Smoke Signals

Jul/Aug 2012




Daniel Miller
Staff Writer


Maybe more accurate than Char cloth?

By McDara




So where did the Frontiersmen get the cloth to make enough char to keep lighting their camp fires? That was the question that we were kicking around at the Nationals in May. If they used old shirts that had virtually no other use…wait a minute…rags. Ok so once a shirt gets worn out and couldn’t be patched (not sure how far a shirt has to get worn before it becomes un-patchable) it would first get used as rags…or possibly muzzle load patch, then it becomes a candidate for char?

Seems like they would carry a bolt of cotton material around at all times so they could make char cloth and start their fires. Or maybe not. Well a couple of the guys said they had read accounts talking about "punk wood" and this was a alternative to char cloth. That raised a whole other series of questions. What the heck is punk wood? Does it matter which kind of tree it comes from? What has to be done to it (if anything) to make it work and how DOES it work?

So being the intrepid explorers we are, we tried a few things. And here is what we found out. Punk wood is the spongy wood that comes from a rotten log. Seems the process doesn’t work very well unless you use the punk wood from a deciduous (hardwood, leaves fall seasonally) tree. In other words a coniferous (softwood, or cone bearing) tree doesn’t seem to work as well, if at all.

So here is the process:

First chip out pieces of punk wood from a rotted log. Here we used Buckeye.


Ian Chipping out the punk wood

Using your char tin (tin with a small hole in the lid) arrange the pieces of punk wood.


Capt. Tom placing the chips in the tin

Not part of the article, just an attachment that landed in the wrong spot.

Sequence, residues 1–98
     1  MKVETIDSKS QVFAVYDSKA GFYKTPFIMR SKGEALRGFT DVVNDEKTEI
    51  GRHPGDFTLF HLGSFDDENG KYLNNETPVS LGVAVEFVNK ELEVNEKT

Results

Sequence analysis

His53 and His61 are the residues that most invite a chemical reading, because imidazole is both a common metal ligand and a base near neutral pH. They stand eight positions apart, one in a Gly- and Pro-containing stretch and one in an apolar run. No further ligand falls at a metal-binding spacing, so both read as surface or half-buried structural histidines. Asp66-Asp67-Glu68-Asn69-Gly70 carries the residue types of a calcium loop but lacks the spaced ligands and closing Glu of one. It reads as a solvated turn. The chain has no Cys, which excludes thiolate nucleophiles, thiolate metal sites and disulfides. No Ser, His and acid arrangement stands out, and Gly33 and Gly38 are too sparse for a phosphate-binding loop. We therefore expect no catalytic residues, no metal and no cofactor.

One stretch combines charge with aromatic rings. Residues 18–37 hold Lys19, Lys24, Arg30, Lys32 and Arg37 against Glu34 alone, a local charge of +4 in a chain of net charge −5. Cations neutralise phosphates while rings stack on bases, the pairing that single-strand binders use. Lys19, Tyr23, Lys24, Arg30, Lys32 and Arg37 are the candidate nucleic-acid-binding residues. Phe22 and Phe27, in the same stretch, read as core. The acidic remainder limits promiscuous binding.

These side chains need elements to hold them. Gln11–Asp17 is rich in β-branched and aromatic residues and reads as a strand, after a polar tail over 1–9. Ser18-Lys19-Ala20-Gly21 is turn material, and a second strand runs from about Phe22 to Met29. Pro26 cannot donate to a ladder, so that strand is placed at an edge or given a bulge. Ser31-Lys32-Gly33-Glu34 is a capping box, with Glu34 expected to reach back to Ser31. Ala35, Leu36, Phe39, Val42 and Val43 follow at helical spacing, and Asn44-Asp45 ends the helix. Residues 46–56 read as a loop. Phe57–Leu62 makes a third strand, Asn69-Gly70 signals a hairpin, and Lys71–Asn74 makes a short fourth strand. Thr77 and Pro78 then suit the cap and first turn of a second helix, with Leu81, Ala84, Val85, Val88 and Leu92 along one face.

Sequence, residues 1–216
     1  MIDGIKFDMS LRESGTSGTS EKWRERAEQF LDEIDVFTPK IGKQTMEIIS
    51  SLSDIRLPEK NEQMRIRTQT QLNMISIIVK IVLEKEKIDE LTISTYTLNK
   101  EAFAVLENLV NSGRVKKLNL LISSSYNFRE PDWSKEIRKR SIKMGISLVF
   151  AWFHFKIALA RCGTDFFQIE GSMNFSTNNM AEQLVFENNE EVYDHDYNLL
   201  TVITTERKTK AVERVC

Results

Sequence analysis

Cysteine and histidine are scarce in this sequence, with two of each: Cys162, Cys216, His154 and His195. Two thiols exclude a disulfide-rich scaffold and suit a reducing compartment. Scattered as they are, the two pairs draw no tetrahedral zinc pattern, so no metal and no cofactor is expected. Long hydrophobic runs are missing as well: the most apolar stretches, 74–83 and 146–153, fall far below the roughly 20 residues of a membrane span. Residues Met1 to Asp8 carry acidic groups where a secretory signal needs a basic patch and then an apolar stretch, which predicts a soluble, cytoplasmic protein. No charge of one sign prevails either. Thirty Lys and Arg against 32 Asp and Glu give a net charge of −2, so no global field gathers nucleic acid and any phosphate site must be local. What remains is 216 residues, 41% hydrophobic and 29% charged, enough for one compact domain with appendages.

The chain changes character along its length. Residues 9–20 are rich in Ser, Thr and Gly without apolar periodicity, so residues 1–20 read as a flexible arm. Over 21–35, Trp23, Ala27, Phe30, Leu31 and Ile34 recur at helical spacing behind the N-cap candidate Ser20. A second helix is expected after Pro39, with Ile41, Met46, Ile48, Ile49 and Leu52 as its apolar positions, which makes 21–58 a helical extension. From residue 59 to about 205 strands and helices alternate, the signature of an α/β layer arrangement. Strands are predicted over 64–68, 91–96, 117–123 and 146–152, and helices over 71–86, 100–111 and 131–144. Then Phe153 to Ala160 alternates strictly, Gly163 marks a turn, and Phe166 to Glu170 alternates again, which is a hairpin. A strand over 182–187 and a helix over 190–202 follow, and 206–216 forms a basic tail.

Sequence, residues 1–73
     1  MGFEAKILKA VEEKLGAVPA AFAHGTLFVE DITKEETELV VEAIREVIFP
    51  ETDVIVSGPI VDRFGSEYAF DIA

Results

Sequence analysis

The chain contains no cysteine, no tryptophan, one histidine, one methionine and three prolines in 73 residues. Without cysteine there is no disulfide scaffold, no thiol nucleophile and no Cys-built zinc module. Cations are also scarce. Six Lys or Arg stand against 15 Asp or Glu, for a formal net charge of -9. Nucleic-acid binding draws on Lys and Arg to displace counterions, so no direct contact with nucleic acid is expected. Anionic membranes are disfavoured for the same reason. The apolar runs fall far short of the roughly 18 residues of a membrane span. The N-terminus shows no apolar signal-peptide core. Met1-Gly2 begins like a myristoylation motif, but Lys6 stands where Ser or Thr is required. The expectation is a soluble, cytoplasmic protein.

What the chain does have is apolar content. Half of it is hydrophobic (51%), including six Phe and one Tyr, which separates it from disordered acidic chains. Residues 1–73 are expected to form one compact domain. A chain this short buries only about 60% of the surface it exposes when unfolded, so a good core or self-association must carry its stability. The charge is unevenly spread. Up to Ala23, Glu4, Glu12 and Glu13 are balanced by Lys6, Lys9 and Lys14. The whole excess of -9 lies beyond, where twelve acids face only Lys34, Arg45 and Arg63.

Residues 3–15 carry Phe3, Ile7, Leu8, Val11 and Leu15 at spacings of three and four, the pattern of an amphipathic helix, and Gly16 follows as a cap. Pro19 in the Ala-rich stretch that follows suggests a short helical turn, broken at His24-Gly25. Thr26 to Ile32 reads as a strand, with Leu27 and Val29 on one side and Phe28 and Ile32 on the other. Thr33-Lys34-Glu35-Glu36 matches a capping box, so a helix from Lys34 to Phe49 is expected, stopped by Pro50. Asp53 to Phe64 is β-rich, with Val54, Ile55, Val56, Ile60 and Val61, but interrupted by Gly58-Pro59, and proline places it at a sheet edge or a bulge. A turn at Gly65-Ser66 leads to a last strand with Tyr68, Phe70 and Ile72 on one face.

Close the lid and put the tin over a fire. Keep it there until you stop seeing smoke coming out of the hole.



When you let the tin cool for a minute, check to be sure all the pieces are completely charred. If not, close the tin and put it back on the fire for a bit longer. Depending on the size and shape of the tin, you may need to move it around on the fire to get all the pieces to char properly.

Needs to Char a bit longer

Now you’re ready to start a fire! How does that get done you ask…well I’ll tell you.

First you catch a spark with your newly made char. But it’s done slightly differently than when using char cloth. You hold the steel over the tin and strike down with the flint.


Capt. Tom usually gets multiple sparks to catch in one pass

Take your "nest" material (unraveled jute, rope, dry grass, cedar bark etc.) place it on the punk that has caught the spark and gently blow till you light the nest material.

The really cool part is that once you get the flame, immediately close the lid of your tin and either hold your thumb over the hole or drop it with the hole down and the char will go out and be ready for your next time.



Like any other skill, give it a try and practice a bit and you’ll find that this method is not only easy to do, but longer lasting and easier to replenish out on the trail.


Daniel Miller




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